Look at these planes.
Imagine this is a typical day of air traffic at the end of April 2019.
And this is what it looks like one year later.
In the middle of the COVID pandemic, the US has experienced a 71% decrease in the number of commercial flights, both domestic and international.
And a 92% decrease in the number of people screened at airports.
Less people are travelling and less planes are flying, but what is happening with all those aircrafts?
Where are they?
Notice to airmen, runway 21 is closed.
All personnel operating in the airport now are required to wear facemasks.
Let’s start from the beginning.
The Corona virus outbreak started in China at the end of last year, but it wasn’t until January 30th that the World Health Organization declared it a global health emergency.
February saw a fast spread of cases internationally.
And on March 13th, the president declared a US National Emergency.
By then the airline industry knew things had changed between travel restrictions, social distancing recommendations, and stay at home orders.
Air travel saw a roughly 95% decrease in the volume of passengers between February and April.
Travelers were posting photos of empty planes on social media and trips got canceled.
This means less people in the aircraft and less planes in the air.
Brian Ewing, aviation journalist and founder of airline geeks, calm describes the current situation.
If I had to use one word I’d say it’s it’s bleak.
It’s It’s weird to walk through airports now.
I mean, there’s nothing Going on.
I made the argument the other day, I’d rather walk through an airport right now than going to a Walmart because there’s less people in the airport it feels like.
For airlines, this is men adjusting operations quickly and parking hundreds of planes that would otherwise be flying.
Some of them are going to commercial aviation maintenance facilities like the one in Tulsa, and some of them are going to boneyards and storage areas in places like Victorville California, Tucson, Arizona, and Roswell, New Mexico.
For example, take American Airlines the largest carrier in the world by fleet size and passengers carried American which has a fleet of roughly 950 planes, and was flying around 900 back in March, had to come up with a plan to park 400 aircraft, including some that would be retired earlier than originally planned.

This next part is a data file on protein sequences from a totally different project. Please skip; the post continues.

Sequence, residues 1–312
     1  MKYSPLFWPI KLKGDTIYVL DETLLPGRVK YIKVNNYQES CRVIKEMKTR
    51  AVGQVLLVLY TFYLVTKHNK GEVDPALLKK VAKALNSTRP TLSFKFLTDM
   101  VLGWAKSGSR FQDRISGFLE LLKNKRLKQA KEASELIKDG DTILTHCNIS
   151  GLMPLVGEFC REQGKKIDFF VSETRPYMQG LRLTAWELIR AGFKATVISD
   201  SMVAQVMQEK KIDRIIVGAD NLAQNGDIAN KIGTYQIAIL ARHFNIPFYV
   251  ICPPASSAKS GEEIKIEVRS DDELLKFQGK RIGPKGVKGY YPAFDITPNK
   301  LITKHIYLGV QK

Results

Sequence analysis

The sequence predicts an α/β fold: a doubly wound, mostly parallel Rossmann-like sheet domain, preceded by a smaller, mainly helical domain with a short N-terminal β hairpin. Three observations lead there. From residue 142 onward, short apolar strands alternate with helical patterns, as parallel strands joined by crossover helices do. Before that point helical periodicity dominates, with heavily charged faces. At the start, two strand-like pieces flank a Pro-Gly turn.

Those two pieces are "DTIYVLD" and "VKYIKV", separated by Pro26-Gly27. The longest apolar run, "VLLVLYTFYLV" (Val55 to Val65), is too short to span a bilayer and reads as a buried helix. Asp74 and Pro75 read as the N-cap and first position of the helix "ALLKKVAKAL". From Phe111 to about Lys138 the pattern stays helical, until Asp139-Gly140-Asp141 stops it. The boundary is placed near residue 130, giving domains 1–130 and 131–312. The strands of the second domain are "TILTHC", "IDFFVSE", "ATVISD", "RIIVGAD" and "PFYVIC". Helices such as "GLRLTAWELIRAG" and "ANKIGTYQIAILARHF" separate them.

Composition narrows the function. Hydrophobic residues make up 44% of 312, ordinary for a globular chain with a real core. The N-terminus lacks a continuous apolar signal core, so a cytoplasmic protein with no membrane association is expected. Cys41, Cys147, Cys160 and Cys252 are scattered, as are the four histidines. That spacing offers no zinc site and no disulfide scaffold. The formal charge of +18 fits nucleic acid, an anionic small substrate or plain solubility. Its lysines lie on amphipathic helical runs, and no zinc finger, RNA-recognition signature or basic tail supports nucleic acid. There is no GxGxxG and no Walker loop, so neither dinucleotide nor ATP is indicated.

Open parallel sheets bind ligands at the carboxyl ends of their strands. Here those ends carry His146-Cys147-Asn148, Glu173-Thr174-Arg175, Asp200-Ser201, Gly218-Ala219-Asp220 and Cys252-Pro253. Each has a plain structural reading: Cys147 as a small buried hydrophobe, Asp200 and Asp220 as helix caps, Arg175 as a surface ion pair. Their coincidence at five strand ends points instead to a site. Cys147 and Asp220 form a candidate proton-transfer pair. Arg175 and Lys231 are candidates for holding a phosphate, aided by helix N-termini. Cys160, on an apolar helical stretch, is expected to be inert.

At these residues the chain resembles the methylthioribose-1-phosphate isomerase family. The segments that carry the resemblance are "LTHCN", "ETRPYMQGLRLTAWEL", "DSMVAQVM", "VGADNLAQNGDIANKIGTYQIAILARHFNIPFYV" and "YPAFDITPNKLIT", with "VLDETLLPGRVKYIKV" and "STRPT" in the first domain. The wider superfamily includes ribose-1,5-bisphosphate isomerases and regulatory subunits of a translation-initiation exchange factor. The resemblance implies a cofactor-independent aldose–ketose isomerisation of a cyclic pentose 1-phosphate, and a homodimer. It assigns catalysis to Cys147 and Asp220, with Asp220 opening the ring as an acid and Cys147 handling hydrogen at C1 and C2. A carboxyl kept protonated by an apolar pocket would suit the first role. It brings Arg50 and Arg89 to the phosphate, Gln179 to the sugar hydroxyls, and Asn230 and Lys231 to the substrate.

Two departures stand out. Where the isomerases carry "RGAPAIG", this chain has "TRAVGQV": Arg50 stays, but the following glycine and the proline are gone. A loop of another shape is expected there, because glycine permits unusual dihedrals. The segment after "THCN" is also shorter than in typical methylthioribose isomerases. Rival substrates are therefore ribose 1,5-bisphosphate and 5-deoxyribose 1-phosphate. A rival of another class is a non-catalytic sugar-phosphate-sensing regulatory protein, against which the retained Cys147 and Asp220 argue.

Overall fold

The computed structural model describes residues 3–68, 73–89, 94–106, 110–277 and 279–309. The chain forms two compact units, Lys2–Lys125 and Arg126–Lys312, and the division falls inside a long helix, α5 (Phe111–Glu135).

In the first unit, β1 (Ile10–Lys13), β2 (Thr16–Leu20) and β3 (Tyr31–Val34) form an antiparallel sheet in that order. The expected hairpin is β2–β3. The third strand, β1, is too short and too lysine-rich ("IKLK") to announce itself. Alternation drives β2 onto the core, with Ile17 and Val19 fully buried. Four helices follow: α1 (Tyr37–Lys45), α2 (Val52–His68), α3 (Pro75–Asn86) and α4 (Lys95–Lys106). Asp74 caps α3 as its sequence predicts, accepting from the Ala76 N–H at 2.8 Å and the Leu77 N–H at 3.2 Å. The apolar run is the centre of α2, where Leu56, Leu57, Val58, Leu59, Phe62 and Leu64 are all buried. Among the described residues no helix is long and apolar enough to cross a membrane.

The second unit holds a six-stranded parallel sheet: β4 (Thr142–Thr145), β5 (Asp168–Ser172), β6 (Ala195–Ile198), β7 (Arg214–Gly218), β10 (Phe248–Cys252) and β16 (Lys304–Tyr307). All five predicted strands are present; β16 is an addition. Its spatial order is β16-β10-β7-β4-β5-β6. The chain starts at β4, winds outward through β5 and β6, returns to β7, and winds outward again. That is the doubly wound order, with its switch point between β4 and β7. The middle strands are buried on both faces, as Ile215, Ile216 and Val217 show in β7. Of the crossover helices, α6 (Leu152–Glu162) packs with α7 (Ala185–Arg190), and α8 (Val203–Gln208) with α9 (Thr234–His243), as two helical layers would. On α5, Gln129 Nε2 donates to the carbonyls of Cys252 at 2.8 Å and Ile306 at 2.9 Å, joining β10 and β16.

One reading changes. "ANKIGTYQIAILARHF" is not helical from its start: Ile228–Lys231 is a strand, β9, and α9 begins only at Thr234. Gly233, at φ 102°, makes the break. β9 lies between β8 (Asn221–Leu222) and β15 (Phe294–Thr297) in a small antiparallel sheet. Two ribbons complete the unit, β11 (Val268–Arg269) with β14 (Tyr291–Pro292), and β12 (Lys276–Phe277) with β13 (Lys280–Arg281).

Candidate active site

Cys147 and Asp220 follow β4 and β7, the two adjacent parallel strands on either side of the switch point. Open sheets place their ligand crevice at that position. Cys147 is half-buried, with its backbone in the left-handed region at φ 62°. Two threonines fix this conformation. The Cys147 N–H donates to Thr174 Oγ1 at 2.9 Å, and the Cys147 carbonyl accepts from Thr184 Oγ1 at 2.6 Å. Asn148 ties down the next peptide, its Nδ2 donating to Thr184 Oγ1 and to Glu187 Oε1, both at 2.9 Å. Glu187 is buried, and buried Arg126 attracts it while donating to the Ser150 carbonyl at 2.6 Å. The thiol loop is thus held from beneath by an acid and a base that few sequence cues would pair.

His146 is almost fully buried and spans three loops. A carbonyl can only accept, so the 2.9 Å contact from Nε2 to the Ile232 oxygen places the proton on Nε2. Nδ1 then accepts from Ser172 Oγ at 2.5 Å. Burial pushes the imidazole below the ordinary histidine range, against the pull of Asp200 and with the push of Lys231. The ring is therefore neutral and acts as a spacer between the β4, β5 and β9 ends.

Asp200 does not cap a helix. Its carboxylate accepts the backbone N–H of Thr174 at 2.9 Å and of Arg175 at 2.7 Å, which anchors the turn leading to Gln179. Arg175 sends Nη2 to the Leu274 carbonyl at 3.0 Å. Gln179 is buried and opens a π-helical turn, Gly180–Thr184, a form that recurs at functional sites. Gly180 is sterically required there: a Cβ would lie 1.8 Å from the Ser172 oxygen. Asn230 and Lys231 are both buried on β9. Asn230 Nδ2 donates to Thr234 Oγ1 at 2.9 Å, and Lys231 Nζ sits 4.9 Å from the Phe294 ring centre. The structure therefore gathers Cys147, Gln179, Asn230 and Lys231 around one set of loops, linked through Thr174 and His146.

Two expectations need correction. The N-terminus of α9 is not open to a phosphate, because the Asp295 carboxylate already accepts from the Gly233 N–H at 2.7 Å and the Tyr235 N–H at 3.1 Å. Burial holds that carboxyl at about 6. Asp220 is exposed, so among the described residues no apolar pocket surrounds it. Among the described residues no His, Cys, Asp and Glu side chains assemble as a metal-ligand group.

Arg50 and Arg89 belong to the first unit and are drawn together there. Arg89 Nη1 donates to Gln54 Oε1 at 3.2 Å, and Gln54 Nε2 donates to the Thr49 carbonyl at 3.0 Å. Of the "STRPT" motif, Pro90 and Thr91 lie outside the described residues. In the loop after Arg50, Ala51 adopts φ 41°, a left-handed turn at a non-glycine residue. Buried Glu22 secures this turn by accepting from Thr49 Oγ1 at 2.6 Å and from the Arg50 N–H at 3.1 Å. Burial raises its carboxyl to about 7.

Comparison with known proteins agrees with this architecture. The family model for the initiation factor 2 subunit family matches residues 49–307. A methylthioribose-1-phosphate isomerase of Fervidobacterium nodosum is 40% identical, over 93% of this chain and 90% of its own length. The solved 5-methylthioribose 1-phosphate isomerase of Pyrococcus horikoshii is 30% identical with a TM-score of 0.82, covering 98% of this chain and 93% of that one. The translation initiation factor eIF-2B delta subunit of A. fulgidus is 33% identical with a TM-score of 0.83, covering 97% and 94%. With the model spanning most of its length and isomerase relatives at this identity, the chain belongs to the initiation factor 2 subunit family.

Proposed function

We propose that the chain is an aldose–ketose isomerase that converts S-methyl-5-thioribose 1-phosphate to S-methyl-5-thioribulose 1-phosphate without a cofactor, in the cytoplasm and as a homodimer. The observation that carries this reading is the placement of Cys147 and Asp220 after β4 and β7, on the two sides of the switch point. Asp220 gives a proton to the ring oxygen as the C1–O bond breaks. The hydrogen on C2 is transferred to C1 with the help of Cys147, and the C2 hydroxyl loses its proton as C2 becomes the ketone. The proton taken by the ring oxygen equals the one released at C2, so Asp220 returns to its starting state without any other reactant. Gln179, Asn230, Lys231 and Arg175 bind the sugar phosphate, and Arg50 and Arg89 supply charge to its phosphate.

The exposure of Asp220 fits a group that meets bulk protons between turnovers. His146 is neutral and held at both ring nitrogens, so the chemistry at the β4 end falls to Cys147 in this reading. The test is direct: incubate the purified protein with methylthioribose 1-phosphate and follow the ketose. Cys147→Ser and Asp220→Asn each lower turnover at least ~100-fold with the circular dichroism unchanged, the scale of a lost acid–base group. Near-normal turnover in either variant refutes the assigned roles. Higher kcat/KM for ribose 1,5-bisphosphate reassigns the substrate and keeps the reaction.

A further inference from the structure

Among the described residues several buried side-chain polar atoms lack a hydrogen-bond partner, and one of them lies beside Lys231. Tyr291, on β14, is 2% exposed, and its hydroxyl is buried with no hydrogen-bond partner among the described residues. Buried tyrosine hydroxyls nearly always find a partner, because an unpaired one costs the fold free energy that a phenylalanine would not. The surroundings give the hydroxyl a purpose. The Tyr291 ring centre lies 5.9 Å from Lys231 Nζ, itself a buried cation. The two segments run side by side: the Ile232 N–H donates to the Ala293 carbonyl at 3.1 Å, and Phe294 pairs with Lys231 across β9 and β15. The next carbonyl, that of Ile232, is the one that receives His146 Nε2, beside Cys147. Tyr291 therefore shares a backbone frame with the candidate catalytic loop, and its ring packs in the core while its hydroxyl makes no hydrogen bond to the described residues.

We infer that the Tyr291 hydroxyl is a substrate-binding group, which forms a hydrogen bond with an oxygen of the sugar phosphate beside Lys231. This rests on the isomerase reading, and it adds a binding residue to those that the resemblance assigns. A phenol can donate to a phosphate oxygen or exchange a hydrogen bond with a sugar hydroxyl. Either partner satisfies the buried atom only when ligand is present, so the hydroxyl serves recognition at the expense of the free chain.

How do you even do that?
So as we went from 3300 flights a day, down to well under a thousand,
It freed up aircraft from the basic schedule.
So we were then able, through a planning group, to identify those.
And then it was really trying to identify locations where we could go put those aircrafts.
So you can imagine it didn’t just happen in a weekend either.
It took some effort to get those to the places where we wanted them to be.
There’s not one place in the world where we could stick 400 airplanes.
So that’s why we ended up with you know, a couple maintenance spaces three or four service providers and eight or nine wind stations.
One of the places where American Airlines and other companies are storing some of their planes Is the Roseville air center, yes, that Roswell?
Around 800 people work in this 4000 acre airport and they are seeing an unprecedented intensity of operations.
A few years back they established the total capacity of the center at, 800 aircraft dependent on the size of planes, but they had never reached that number, not even after 911.
So as of this moment, today, we’ll cross over 300 planes that we’ve received from this current event.
We had about 160 here already, we anticipate that we can store about another 300 planes.
Mark Bleth is the deputy director and manager of the center.
In the past weeks Roswell has been receiving so many planes for storage that the maintenance operators Haven’t always been able to keep up with demand.